We have a select population chosen and educated in spirituality (curendeiros), being watch attentively by a group of followers (the town), who conduct specific rituals to summon spirits to protect a home from evil. Substitute curendeiros for priests, the town for a congregation, and it doesn’t sound all that different than Christianity, or any widely accepted religion, to me. Yes, the rituals are different, and the spirits have different names, but it uses essentially the same principles. And if you think the goat ceremony is strange, well, what would they think about our religious rituals? Take, for instance the consumption of “body and blood”?

Three days later, I attended Chokwe’s First Annual Science Fair, put on by my site-mate who is a biology teacher at the secondary school. She and her kids did an awesome job, and it was so cool to see these kids get so excited about their projects and have the opportunity to do their very own experiments. And their creativity given their limited resources and unfamiliarity with the concept of actually conducting an experiment was pretty amazing. Anyway, one of the projects was to see if chicks exposed to music grew faster than those in a music-less environment. His conclusion was that yes, they did, which wouldn’t seem that unusual to many Americans who have seen a similar experiment displayed by elementary school children in gyms across the country. But to many of the Mozambicans in attendance this was preposterous. Chickens are “stupid”. There is no way that they could have been affected by music. The student might have been able to come out of it all relatively unscathed, but when asked why he thought he got this result, he responded that he wasn’t sure, that it required more research but he thought that, like humans, the chickens were more relaxed when listening to classical music (which, by the way, here is defined as Sting and Celine Dion), and therefore moved around less, gaining more weight. At the very mention that chickens might in any way resemble humans, there was an uproar. One of the teachers told him he would have to redo the experiment, this time without any chicken-human comparisons. I was later told by my site-mate that she often faces problems if she even brings up the fact that humans are animals; many people believe adamantly that they are not. It’s a matter of faith that chickens cannot resemble humans—they just know people are different.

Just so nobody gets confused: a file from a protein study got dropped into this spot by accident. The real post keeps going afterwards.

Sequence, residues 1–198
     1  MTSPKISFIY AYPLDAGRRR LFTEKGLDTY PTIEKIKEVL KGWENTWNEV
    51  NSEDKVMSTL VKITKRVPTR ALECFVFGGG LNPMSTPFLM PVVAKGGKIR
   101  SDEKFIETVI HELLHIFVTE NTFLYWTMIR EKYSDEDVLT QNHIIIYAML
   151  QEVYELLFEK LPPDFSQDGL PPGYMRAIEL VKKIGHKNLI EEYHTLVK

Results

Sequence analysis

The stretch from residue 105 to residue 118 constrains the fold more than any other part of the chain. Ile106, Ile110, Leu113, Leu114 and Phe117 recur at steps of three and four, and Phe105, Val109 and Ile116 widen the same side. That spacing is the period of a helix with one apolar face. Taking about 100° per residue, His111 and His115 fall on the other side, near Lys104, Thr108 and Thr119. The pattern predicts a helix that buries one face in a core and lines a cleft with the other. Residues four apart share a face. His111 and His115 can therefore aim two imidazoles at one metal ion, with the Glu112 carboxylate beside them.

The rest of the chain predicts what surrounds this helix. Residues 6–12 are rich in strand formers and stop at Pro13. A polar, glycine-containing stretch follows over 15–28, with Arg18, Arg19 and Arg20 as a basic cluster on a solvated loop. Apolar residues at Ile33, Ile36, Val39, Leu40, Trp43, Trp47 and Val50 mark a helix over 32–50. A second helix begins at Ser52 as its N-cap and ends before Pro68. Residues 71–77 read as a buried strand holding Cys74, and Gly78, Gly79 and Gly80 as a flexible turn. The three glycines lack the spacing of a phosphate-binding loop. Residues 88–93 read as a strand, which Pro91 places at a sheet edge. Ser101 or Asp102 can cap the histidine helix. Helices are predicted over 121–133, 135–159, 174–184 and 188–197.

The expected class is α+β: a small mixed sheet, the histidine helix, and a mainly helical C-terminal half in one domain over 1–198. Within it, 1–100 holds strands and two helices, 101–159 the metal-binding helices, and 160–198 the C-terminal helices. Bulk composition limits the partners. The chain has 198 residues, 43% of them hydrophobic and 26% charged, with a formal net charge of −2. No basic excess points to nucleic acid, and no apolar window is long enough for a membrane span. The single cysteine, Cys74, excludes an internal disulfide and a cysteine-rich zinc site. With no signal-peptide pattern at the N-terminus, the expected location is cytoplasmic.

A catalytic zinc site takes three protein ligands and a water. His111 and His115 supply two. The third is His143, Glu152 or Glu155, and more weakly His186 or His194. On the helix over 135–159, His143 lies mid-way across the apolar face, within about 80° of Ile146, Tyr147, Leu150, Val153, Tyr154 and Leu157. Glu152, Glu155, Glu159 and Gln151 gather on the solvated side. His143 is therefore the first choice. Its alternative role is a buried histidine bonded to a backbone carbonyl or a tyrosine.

It’s one of the oldest and most enduring conflicts: Intelligent Design versus Darwinism, the Church versus Galileo, stem-cell research. As a matter of science, these matters of faith are blatantly impossible (a body rising from the dead) at worst, and impossible (at least as of now) to prove at best. Yet even with all the science at our fingertips, almost all of us at some point or another push it aside in favor of this faith, things we just believe, with or without proof. Curendeiros rid evil spirits, chickens are inherently different from humans, God created the heavens and the Earth and, for some, had a son. Or even the faith that nothing exists beyond humans, that there is no “higher power”. Even though it exists everywhere, we’re so quick to demonize faith that isn’t our own. Very many would write off the spirit ceremony as superstition. I’ve heard “weird” and “creepy” used over and over again in reference to trance, people being possessed. My comparison of the spirit ceremony to Christianity will, I’m sure, make many wince. But if the West can have Christianity and other mainstream religions as a faith and not a pejorative “superstition”, so too should every culture.

If there’s one thing that all of our faiths have in common, it’s that they’re just that: faith. None is based on rational science, none can be proved, and therefore the legitimacy of each is entirely subjective. So if we’re going to accept one, we have to accept them all. Christianity, Judaism, and Islam as legitimate as Buddhism, Hinduism, Atheism, and yes, Voodoo, traditional religions everywhere, and witchcraft. And, if I haven’t convinced you, well, what would Jesus do?